The Canadian Cannabis Election

For the first time, this year’s federal election features cannabis as a major point of discussion, with each party holding different views for voters to choose from in October.

Depending on the party elected, Canada’s cannabis laws could see a shift unprecedented since prohibition was enacted in 1923 under the Narcotics Drug Act Amendment Bill.

Over the past few years, several US states, including Colorado, Alaska, Washington and Oregon, have voted to relax their cannabis laws, changes that have paved the way for other states and nations to follow.

Sensing that change could be possible this year, the National Organization for the Reform of Marijuana Laws in Canada has reversed the position of neutrality it has held since 1978, urging voters to support parties that promise to legalize cannabis.

“This is our election, this is the most important election on this topic in recent memory,” said NORML Canada executive director Craig Jones.

Canada has come close to cannabis reform in the past.

In 2002, the Special Senate Committee on Illegal Drugs recommended the legalization of cannabis in this country in an exhaustive, over 600-page report.

“Scientific evidence overwhelmingly indicates that cannabis is substantially less harmful than alcohol and should be treated not as a criminal issue but as a social and public health issue,” said Special Committee chair and Senator Pierre Claude Nolin. “As a drug, it should be regulated by the State much as we do for wine and beer, hence our preference for legalization over decriminalization.”

In 2003, Jean Chrétien’s Liberals introduced Bill C-38, which would have decriminalized possession. The bill died when parliament was prorogued and reintroduced by the Paul Martin government in 2004. After Martin’s minority government was defeated in a confidence vote, the Conservatives did not revisit the issue when they came to power in 2006.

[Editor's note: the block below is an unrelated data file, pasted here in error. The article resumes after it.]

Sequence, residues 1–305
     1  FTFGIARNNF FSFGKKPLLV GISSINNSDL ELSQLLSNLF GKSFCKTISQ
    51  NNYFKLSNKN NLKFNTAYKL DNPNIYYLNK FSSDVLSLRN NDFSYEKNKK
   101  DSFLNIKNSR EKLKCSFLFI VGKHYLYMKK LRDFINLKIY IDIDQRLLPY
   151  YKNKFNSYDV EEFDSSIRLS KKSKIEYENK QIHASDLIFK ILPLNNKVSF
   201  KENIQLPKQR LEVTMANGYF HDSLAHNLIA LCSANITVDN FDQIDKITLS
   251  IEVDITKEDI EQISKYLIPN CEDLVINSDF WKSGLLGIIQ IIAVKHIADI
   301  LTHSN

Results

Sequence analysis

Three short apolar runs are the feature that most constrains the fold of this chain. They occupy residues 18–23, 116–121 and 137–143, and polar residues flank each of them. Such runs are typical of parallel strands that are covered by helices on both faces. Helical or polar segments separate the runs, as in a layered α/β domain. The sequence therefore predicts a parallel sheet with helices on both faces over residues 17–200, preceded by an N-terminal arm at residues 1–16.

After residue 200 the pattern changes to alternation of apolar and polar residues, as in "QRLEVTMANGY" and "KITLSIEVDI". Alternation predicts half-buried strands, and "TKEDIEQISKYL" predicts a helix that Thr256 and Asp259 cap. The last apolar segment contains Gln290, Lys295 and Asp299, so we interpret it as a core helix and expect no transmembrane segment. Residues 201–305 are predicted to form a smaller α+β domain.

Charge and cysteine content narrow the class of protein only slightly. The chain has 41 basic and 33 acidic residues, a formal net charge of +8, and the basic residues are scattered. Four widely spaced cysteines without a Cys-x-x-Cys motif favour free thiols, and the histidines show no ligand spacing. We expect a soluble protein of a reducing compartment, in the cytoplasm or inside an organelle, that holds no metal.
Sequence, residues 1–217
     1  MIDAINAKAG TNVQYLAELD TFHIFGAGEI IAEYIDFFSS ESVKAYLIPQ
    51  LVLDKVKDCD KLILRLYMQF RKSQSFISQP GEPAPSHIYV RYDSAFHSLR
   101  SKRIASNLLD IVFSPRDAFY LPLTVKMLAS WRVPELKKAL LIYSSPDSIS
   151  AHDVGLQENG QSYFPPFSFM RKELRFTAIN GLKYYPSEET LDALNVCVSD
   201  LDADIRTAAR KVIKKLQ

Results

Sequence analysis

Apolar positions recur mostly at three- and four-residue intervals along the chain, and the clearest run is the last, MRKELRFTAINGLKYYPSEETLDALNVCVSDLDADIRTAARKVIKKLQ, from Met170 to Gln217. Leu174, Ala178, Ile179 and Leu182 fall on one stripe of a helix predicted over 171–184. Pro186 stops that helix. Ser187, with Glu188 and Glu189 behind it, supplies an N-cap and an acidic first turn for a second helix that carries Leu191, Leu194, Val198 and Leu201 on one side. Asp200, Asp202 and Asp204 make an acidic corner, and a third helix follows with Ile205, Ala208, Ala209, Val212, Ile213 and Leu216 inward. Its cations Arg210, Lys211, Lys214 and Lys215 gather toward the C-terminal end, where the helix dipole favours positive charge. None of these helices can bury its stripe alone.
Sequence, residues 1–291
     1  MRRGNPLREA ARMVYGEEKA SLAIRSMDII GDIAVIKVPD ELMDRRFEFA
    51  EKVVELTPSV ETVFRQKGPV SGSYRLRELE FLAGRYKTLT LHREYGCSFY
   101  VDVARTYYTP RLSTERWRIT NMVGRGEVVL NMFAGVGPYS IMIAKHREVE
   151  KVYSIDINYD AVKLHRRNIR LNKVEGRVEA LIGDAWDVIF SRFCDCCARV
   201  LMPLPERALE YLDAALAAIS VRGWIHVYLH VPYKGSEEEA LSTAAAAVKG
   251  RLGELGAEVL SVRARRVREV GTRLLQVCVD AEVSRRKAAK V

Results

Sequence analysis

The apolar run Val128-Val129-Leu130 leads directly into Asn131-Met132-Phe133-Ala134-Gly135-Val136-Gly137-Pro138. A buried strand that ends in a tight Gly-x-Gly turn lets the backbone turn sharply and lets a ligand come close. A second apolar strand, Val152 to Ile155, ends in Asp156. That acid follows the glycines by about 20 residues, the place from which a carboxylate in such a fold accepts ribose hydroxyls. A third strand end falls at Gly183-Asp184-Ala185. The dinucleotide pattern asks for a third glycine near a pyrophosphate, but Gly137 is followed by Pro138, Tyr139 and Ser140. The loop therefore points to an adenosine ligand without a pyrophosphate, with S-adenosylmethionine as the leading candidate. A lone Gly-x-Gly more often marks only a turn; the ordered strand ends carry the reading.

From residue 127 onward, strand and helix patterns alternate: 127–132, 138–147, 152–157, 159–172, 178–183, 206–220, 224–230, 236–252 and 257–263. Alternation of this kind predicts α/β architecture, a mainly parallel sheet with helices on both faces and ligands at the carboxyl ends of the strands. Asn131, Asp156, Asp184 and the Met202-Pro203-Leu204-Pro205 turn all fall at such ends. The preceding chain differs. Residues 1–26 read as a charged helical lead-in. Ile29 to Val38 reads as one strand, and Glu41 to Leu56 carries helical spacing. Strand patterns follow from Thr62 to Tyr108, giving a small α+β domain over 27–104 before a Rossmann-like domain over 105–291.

Each party has stated their opinions on cannabis ahead of the election.

Stephen Harper’s Conservatives have promised to maintain the status quo – a purely medical-based system that restricts cultivation to licensed producers governed by Health Canada.

Harper has said he will never agree to decriminalization.

“It will not happen under our government,” Harper said. “We’re very concerned about the spread of drugs in the country and the damage it’s doing and as you know we have legislation before the House [of Commons] to crack down.”

Harper has said any change to relax cannabis laws would reverse what he sees as declining use in this country. Harper said areas that legalized cannabis now have higher rates of addiction, leading to health issues.

A UNICEF report found Canadian youth had a 28 per cent rate of cannabis use, higher than Germany, Portugal, Belgium, Italy and the Netherlands – countries where use has been decriminalized, legalized or seen relaxed enforcement.

“We just think that’s the wrong direction for society and I don’t think that’s the way most Canadians want to deal with this particular problem,” Harper said at a campaign event in August.

A 2014 Department of Justice poll found more than 37 per cent of Canadians favour legalization and more than 33 per cent support decriminalization for possession of small amounts of cannabis.

September’s issue of Canadian Medical Association Journal suggested cannabis prohibition has failed and the drug could be legalized and regulated like alcohol or tobacco, with oversight from health professionals.

“If Canadian policy-makers decide to create a legal, regulatory framework for cannabis, it is critical that public health objectives be the foundation of changes,” the CMAJ article stated. “Otherwise, Canada may experience the same health and social harms that resulted from the commercialization of alcohol and tobacco.”

Harper’s tough on drugs approach is evident in the party’s platform. In 2012, the Conservatives introduced mandatory minimum sentences for cannabis production. If re-elected, the Conservatives would put $26.5 million toward the RCMP team designed to crack down on illegal drug labs and grow-ops, an increase of almost $5 million.

The actual costs of enforcing cannabis regulations were estimated at between $300 and $500 million by the Senate report in 2002, which concluded the costs “are disproportionately high given the drug’s social and health consequences.”

Since the Conservatives came to power in 2006, arrests for possession have risen 41 per cent.

In contrast to his stance on decriminalization, Harper has overseen the creation of 26 licensed cannabis producers in Canada – supplying the nation’s medical cannabis users.

By 2024, Health Canada estimated medical cannabis sales to be $1.3 billion a year, with 450,000 users registered in the program.

In comparison, the NDP under Thomas Mulcair has promised to decriminalize cannabis immediately if they form government.